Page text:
SpaceX’s first human-proven Crew Dragon spacecraft is being put through its paces in orbit by NASA and even Roscosmos astronauts, according to senior agency leader.
Promoted to lead NASA’s Human Spaceflight Office (HEOMD) days ago, former Commercial Crew Program (CCP) manager Kathy Lueders primarily spoke about her new job – guiding the Artemis Moon landing program – but did manage to answer some questions about her former post. Successfully launched on May 30th, SpaceX’s inaugural Crew Dragon astronaut mission also marked NASA’s first domestic astronaut launch since June 2011, an achievement that unsurprisingly helped catapult Lueders up the ranks just a few weeks later.
Thus far, SpaceX’s first crewed launch is arguably the crowning achievement of both the company and the commercial spaceflight industry it’s largely come to represent. The mission isn’t over yet, however, and International Space Station (ISS) astronauts are reportedly hard at work as they continue to test the historic Crew Dragon spacecraft and push it to a whole new genre of limits.
According to Lueders and backed up by a different NASA executive about a week prior, “Crew Dragon has been doing great” over the ~20 days it’s spent docked to the ISS. NASA and its orbiting astronauts have already done a significant amount of work to verify that the spacecraft is in good health and capable of serving as a lifeboat – at a moment’s notice – for the space station’s crew. In the coming weeks, it’s likely that Bob Behnken, Doug Hurley, Chris Cassidy, and (maybe) a Russian cosmonaut will explicitly rehearse such an emergency, testing Crew Dragon’s ability to depart the ISS in a matter of minutes.
As part of that work, Lueders says NASA astronauts are waking Dragon up and performing checkouts weekly before returning the spacecraft to a mysterious “sleep mode”. In the coming weeks, NASA will further test Crew Dragon by boarding four of the space station’s five current astronauts, including one of two Russian cosmonauts.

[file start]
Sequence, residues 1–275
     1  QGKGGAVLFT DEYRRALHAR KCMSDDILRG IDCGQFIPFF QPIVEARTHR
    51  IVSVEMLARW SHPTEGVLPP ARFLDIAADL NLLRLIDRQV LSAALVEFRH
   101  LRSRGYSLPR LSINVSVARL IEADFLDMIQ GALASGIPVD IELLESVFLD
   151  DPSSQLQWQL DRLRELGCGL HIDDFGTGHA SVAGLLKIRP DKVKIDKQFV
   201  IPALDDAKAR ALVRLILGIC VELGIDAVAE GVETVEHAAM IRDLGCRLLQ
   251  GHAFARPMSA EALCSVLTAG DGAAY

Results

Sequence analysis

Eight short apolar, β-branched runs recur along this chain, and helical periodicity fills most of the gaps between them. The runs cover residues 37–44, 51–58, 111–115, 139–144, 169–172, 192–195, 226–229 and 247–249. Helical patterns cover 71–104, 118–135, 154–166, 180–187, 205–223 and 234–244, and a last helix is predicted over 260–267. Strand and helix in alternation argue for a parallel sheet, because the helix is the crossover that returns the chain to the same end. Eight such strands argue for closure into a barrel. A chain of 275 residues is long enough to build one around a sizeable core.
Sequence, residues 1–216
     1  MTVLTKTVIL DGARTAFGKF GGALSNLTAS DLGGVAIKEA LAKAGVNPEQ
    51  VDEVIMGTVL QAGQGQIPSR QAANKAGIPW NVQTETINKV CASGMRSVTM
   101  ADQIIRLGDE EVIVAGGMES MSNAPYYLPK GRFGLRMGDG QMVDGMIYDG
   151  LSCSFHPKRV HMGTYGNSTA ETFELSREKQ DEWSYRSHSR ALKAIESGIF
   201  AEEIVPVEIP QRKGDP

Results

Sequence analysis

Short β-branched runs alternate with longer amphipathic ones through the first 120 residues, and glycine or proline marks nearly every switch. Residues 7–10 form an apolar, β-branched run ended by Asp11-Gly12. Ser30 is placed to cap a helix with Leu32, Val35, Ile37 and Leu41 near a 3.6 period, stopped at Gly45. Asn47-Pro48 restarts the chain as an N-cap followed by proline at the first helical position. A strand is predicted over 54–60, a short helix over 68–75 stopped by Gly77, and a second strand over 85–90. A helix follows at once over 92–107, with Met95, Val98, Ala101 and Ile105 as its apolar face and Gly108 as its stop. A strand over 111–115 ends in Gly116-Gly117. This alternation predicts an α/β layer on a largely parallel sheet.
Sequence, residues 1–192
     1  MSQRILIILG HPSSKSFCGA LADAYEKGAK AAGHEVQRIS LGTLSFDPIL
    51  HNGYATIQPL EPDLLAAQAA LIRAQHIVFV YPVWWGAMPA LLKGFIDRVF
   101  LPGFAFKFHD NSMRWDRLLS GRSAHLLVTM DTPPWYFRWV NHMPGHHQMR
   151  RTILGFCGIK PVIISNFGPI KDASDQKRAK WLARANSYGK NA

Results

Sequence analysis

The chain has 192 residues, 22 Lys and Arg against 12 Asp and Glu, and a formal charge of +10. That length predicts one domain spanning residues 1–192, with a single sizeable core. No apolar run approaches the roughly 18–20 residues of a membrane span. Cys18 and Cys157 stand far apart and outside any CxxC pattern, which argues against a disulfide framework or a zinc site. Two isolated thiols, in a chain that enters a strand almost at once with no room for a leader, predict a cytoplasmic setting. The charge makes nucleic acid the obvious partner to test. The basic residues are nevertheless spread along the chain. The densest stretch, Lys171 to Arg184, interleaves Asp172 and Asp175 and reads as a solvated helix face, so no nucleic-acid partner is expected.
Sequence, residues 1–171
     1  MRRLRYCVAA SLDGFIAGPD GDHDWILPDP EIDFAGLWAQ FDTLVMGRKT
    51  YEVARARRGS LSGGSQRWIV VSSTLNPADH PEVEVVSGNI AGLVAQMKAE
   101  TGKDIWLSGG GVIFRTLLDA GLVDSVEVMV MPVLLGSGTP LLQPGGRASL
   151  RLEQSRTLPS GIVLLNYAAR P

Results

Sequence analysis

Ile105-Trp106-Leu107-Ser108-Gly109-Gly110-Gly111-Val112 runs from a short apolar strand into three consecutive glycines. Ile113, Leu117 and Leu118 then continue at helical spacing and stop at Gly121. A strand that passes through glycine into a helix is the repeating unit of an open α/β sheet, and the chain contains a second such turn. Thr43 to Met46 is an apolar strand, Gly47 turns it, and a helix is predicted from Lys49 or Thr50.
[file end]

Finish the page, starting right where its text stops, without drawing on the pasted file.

SpaceX hasn’t crossed the finish line just yet, though. Lueders also shed additional light on that critical section of Crew Dragon’s astronaut launch debut, confirming that NASA still plans to have the spacecraft return to Earth with Behnken and Hurley in early August. Two opposing goals will continue to tug at that date. On one hand, having both astronauts on the ISS as long as possible helps NASA maximize the efficient use and maintenance of the ultra-expensive orbital laboratory. However, the sooner Crew Dragon is able to complete its first crewed reentry, splashdown, and recovery; the sooner SpaceX and NASA and can fully debrief from the mission, analyze the recovered hardware, and complete paperwork for SpaceX’s next astronaut launch.
Known as Crew-1, SpaceX will send three NASA astronauts and one JAXA (Japanese) astronaut to the ISS for a full six months (~180 days), beginning what could be years of operational Crew Dragon astronaut ferry missions. Crew-1 is currently scheduled to launch no earlier than (NET) August 30th but that date is heavily contingent upon post-Demo-2 reviews and is mainly a placeholder. For now, Crew Dragon C206 is in good health and thus has at least another month and a half to look forward to at the International Space Station.
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